I jumped at the chance to be interviewed on ITV national news about Evri’s delivery service. I have had many negative experiences with the courier breaking the contents of my parcels, leaving my packages in the mud and being subjected to several notices that I was not home when I was very much home. Somewhere along the line, the company went from a minor annoyance in my life to something I have to avoid at all costs.
Indeed, I legitimately have strong feelings on this topic. So much so that I created a Twitter account to track and list all companies that use Evri for deliveries so that I could boycott them. For the past six months, I’ve done my best to avoid buying products from companies that use Evri because I know that the package will not arrive on time – if it does arrive at all. In order to save me the run-around of chasing packages, I simply stopped buying from companies that send with Evri. I created the Twitter account to share the list of companies that use Evri to help others avoid them, too, because it makes me furious when I see anyone being taken advantage of. When something unfair happens, I can’t help but say something – even if it’s embarrassing to the people around me, or if it means going on national news to complain.
I also run a digital marketing company. So, this experience with Evri – from the horrible customer service I experienced first-hand down to the interview on ITV News – is even more interesting to me as it serves as a great lesson in online reputation management.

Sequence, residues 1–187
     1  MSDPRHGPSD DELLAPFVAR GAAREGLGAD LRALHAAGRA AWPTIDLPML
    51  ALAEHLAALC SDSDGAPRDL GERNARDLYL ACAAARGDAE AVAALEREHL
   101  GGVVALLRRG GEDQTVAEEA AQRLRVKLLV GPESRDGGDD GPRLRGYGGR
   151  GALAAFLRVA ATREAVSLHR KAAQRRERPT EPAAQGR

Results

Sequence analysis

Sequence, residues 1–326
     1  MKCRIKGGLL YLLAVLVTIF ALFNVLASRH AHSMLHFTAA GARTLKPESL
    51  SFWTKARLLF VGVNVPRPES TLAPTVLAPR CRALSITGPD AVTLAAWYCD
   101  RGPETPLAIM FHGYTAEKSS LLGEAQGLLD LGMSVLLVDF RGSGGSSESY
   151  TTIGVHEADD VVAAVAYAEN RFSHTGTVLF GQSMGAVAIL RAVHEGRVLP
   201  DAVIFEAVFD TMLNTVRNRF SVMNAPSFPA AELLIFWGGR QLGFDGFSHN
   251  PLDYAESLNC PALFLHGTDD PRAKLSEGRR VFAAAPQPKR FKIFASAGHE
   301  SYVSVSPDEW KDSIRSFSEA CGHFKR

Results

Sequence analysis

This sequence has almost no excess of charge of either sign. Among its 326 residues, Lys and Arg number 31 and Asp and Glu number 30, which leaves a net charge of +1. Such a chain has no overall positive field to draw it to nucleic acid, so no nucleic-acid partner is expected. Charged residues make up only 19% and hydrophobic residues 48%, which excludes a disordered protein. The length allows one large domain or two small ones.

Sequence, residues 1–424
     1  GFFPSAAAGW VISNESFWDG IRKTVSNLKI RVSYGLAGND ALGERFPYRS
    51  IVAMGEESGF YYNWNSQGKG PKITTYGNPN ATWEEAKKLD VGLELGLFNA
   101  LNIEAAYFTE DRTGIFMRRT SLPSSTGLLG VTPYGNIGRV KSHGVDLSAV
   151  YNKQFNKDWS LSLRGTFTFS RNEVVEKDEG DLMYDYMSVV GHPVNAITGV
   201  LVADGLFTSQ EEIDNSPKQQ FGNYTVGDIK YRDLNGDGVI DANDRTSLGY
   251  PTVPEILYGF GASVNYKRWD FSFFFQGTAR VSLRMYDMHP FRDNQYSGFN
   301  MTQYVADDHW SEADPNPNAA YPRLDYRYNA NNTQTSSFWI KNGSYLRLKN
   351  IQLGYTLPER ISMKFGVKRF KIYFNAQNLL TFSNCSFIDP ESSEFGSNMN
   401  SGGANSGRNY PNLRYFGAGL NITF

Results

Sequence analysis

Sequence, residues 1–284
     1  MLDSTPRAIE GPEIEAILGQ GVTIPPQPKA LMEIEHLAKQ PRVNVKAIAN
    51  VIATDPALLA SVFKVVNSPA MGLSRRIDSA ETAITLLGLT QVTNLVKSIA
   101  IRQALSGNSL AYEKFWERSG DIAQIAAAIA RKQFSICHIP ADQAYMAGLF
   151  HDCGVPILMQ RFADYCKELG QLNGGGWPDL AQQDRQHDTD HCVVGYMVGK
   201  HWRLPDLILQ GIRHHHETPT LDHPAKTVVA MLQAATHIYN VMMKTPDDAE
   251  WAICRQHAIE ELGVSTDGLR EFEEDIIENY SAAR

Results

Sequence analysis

How to prevent this from happening to your company
1. You must have a social media presence and an online reputation management strategy.
An online presence to communicate with customers is not optional. Customers expect to have the ability to contact your customer service team on social media. Even if you have a customer service team, people will air their grievances online anyway, where the chance of a response is higher than by email. Companies without an online customer service strategy will find themselves inundated with online complaints. Remember, even a strong customer service strategy can culminate in an online backlash if customers don’t like the answers they were given. No matter how great your product is, or how many people you employ on your customer service team, having a social media strategy to deal with this is critical.
2. Rebranding won’t mean a thing if meaningful changes aren’t made.
Nothing will anger customers more than a company that doesn’t even seem to even try to do better. Look, I know it’s not easy to keep every customer happy. Even from the best of companies, there will be mistakes and things can easily slip between the cracks. The least a company can do is show they are trying to improve upon customers’ pain points. Evri’s rebrand budget should have included a large sum going toward fixing the problems that caused the brand so much damage in the first place, or at the very least, a better customer service strategy to handle complaints. The only changes that seemed to be made were in the name and logo. Customers see that and understand exactly where the company’s priorities lie, and they are not happy about it.